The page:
3 February 2017: Meditation Session

Clear the mind.

Breathe in and out.


…Without being bothered by Haley’s piercing meows to leave the room. To head to the litter perhaps?

…Without thinking about how loud my mother’s voice is while she speaks to another cat like a baby. Her voice really is loud. A consequence of getting old and deaf?

…Without being seduced by the aroma of cooking. Longaniza. Hopefully garlic rice. I haven’t had a proper breakfast today. Popcorn and coffee with whey isn’t enough.

…Without feeling impatient to immerse myself back in Skyrim. I have a lot to do, such as securing the road between Helgen and Falkreath and clearing out some caves along the way.

…Without feeling anxious to call work back. They have the nerve to call me now that they need me. It’s not the fault of the person who’s calling. It’s the nature of the business.

…Without feeling anxious about an oddity in my Degree Works that states I have 43 credits, when I actually have 46. 45 credits is needed to graduate. And I will graduate.

…Without remembering that reading has to be done for Professor Weir’s class.

…Without discomfort building in my neck. Moving it up gives relief.

…Without losing patience that I might be wasting my time. I’m not. This is for anxiety. Hopefully, for my IQ as well.

Eyes open.

It’s been under two minutes. This session is over.

There’s a need for improvement.


Time Travel: “Out for a Walk”

The following short story was born in my Aspects of Fiction class, taught by a Professor John Weir of Queens College. The man is brilliant. I very much enjoyed his assignments, even if he usually didn’t go over them. Nothing groundbreaking. Nothing over-complicated. Assignments that were plain simple, engaging, and got me going.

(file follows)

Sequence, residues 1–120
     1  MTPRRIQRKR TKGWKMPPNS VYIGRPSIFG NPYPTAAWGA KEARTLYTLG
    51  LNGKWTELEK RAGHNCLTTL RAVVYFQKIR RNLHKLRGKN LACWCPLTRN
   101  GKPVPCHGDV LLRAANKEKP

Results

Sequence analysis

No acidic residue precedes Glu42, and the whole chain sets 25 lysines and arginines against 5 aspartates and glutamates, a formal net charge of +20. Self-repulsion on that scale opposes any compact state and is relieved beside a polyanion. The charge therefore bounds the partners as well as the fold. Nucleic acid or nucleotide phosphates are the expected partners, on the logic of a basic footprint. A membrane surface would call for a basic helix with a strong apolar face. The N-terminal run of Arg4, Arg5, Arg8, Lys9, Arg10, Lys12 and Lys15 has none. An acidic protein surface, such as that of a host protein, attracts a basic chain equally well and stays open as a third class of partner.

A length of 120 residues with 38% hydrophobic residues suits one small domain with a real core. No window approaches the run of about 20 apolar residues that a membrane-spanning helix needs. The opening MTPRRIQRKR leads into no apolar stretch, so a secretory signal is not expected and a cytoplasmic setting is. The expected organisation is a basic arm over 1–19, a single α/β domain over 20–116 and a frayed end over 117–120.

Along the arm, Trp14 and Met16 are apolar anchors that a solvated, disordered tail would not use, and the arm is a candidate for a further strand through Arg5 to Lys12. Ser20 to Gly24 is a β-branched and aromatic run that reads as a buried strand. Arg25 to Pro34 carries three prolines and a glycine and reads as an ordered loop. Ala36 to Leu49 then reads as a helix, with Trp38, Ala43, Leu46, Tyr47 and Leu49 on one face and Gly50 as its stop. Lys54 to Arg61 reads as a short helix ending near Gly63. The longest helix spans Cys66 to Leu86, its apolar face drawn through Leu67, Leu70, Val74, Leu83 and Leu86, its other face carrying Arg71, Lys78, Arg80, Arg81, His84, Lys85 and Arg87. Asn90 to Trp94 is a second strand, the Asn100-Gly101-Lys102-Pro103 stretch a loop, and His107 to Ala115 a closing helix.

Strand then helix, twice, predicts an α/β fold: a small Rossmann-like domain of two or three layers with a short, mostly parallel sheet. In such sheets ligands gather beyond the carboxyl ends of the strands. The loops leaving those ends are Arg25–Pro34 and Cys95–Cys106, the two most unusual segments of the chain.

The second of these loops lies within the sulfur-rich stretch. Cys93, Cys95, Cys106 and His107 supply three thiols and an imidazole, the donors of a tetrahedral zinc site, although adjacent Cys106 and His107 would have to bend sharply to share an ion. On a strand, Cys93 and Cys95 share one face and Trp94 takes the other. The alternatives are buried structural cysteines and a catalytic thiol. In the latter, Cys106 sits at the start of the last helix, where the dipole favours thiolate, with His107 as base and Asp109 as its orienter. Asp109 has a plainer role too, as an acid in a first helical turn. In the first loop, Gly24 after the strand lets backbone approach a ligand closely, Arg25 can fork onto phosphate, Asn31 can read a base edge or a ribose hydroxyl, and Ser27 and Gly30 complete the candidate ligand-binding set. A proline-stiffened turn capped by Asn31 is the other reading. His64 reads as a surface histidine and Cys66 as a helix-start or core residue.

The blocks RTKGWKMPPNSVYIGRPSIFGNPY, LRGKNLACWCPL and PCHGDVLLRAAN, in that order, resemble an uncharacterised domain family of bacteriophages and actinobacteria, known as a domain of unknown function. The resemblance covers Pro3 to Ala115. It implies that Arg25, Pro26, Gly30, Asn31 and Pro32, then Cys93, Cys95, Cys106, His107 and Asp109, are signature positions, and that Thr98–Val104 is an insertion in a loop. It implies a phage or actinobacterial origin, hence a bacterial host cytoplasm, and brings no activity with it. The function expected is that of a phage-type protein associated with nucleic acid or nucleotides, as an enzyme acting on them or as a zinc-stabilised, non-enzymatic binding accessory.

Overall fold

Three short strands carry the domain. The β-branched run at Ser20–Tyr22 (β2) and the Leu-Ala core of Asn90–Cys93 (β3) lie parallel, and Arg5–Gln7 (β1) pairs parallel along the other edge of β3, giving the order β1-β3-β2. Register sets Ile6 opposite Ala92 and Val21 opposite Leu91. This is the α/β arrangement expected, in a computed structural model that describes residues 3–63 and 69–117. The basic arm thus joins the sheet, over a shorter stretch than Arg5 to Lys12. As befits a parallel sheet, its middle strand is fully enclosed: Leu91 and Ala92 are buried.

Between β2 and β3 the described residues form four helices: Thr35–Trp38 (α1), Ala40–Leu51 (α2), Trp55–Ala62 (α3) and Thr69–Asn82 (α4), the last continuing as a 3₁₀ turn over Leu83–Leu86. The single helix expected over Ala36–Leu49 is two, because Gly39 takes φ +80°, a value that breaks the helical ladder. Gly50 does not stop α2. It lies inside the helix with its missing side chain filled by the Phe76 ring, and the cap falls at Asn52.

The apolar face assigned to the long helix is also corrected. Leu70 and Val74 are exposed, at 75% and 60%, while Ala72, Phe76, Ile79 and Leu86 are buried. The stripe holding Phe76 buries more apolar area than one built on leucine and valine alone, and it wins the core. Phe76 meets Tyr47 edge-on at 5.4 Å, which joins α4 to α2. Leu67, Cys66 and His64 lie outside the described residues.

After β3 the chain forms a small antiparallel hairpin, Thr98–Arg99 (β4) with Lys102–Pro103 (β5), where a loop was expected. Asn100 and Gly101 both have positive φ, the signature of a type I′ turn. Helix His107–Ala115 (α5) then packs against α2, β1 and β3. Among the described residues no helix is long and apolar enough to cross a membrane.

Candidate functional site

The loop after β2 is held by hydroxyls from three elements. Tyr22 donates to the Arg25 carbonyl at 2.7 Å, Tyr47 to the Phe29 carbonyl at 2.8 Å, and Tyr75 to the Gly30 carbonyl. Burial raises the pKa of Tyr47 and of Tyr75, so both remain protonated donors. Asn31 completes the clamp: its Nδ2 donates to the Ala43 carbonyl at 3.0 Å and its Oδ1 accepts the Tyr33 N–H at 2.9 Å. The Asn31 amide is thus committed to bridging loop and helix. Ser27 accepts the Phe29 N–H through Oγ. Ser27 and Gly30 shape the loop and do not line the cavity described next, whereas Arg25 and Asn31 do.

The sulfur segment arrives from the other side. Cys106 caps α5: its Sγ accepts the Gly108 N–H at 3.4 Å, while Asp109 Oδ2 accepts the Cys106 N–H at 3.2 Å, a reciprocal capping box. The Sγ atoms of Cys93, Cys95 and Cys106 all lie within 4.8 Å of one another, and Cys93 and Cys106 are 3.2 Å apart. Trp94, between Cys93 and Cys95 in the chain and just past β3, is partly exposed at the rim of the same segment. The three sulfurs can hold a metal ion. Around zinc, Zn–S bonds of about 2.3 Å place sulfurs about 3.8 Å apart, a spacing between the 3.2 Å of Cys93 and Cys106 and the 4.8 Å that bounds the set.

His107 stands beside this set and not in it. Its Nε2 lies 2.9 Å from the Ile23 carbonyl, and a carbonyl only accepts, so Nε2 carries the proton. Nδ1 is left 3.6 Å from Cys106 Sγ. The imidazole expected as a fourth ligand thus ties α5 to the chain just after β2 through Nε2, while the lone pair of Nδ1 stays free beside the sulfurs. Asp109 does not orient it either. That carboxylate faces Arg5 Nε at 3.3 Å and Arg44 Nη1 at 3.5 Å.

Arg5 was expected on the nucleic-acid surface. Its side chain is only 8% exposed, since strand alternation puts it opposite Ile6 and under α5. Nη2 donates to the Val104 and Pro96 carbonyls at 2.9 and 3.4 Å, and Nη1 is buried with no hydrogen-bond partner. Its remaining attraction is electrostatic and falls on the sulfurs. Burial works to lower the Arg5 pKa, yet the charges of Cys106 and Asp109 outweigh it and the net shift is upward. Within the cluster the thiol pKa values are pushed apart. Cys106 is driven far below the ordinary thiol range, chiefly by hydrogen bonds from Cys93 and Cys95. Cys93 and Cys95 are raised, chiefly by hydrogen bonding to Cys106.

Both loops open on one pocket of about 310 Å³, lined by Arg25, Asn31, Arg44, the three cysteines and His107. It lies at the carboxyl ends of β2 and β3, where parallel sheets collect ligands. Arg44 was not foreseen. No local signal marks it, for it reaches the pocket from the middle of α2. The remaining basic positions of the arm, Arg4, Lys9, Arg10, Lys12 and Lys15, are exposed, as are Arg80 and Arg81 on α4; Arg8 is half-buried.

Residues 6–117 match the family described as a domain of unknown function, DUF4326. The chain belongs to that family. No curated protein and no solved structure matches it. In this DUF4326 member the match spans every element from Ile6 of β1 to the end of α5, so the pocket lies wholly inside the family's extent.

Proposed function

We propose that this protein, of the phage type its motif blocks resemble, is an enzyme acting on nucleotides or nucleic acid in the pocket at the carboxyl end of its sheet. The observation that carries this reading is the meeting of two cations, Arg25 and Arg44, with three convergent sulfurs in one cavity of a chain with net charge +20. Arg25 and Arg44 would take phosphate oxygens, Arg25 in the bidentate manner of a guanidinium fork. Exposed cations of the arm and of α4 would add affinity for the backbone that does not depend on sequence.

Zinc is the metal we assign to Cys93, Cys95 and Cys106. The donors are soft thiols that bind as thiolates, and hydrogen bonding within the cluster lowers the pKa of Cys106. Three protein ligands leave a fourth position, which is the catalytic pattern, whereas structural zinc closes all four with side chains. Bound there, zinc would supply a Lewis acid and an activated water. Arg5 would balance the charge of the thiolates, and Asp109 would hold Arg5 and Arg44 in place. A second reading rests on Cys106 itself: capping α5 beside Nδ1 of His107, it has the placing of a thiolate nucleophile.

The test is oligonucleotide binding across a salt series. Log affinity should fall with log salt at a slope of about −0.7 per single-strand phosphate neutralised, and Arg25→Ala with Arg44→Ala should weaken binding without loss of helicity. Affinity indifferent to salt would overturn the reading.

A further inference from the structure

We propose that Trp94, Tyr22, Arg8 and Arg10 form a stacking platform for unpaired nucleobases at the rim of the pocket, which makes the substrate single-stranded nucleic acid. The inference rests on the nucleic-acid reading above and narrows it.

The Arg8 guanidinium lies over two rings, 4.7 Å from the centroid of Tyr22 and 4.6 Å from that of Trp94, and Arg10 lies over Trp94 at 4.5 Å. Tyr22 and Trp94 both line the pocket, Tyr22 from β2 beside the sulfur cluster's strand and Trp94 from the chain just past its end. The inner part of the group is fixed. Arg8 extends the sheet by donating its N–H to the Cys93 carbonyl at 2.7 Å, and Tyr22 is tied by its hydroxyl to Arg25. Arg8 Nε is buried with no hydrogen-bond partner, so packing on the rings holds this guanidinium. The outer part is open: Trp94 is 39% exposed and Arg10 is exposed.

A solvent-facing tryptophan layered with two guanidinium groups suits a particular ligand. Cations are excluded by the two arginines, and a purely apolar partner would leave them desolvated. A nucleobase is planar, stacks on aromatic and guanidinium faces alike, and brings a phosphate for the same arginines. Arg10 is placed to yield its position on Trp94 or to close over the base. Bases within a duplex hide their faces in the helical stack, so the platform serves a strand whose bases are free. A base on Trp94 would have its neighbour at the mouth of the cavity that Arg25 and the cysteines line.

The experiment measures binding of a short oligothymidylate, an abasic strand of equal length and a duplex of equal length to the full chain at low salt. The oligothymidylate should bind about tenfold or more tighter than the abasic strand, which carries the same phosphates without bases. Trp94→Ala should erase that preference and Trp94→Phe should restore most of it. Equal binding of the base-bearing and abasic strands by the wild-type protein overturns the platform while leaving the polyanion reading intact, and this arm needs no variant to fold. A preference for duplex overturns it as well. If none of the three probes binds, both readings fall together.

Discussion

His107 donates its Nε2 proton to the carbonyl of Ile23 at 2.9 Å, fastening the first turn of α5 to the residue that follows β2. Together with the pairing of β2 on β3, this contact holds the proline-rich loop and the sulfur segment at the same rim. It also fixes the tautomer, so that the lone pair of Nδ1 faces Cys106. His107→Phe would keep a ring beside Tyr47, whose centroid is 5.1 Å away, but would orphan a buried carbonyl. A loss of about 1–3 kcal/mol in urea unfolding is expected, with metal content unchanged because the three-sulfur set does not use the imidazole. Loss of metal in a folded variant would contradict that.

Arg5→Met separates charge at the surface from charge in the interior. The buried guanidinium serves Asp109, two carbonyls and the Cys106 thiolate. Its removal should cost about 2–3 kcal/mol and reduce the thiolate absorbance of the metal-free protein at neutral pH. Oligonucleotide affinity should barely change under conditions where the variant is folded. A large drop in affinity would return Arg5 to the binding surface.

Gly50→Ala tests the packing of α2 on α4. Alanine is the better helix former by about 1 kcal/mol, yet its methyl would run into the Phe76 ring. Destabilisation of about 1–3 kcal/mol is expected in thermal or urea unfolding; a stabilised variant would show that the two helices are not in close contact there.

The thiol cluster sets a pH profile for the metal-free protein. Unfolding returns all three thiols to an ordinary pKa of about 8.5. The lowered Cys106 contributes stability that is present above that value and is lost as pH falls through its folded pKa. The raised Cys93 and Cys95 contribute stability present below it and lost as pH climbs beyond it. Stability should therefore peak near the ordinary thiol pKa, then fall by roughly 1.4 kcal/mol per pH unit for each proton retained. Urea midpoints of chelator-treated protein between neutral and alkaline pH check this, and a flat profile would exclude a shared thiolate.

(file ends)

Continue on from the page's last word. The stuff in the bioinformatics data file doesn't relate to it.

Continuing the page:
Give me simplicity and freedom, and I, and my classmates, will do the rest.

Time travel was a theme throughout the semester. Kindred by Octavia Butler was the novel we read prior to this assignment.

I had never really placed myself in another time. Here goes…

“Out for a Walk”

I was in my bedroom, writing at my desk, when I was hit with dizziness. The world spun all around me, faster and faster, until it was all a white, bright light. And then, I wasn’t home anymore. I was in the middle of a green forest. In place of silence, birds chirped and leaves above rustled in the wind. Darkness that was outside my window was now day. The chilliness that signaled the coming of winter was now warmth that made me sweat.

Where was I? At first, I thought it was a dream, until I stood up and walked around. A baffling and worrying sight. How was I transported from my bedroom to here? Was I at the park? Did I blackout last night? Was I on drugs? The worst part was that I was still in my underwear.

After walking about five minutes following the sun, I began to feel deathly terrified of my situation.

A gunshot echoed in the distance. It startled me and I turned in its direction. The landscape of the forest didn’t have eccentricities and there were no bushes to hide in, and so I began to walk in the opposite direction of the gunfire. But immediately, a dark man, yards in that direction, could be seen now, coming towards me. The closer he got, the more I was able to discern his appearance. His clothes looked as though he were a miner or a prisoner, and he was ragged and dirty. His overall shine and breathless countenance made it clear that he was running for quite some time now, and he was exhausted. Behind him, I could now make out a white man with a long beard, carrying a shotgun.

I didn’t move, as if I were some celestial object doomed for a collision with another object. And, of course, it did. The black man finally reached me and mumbled aloud. His words couldn’t be understood, but I could tell by his body language that he was begging for my help. His frantic fear no doubt ate away at my composure and I didn’t know what to do.
He hid behind me. The white man, overweight and out of shape, finally reached us, his gun pointed down. I wished the black man kept on running so that I wouldn’t have to exchange with this intimidating human being.

“Who are ya?” The white man inquired.

“I’m Edward.”

I didn’t know what was happening. I had to contemplate whether or not this was a dream. Then I had to contemplate whether or not these people were acting and f*cking with me. Let me guess: a slave and a slave owner? F*ck it. I’d best go along with it.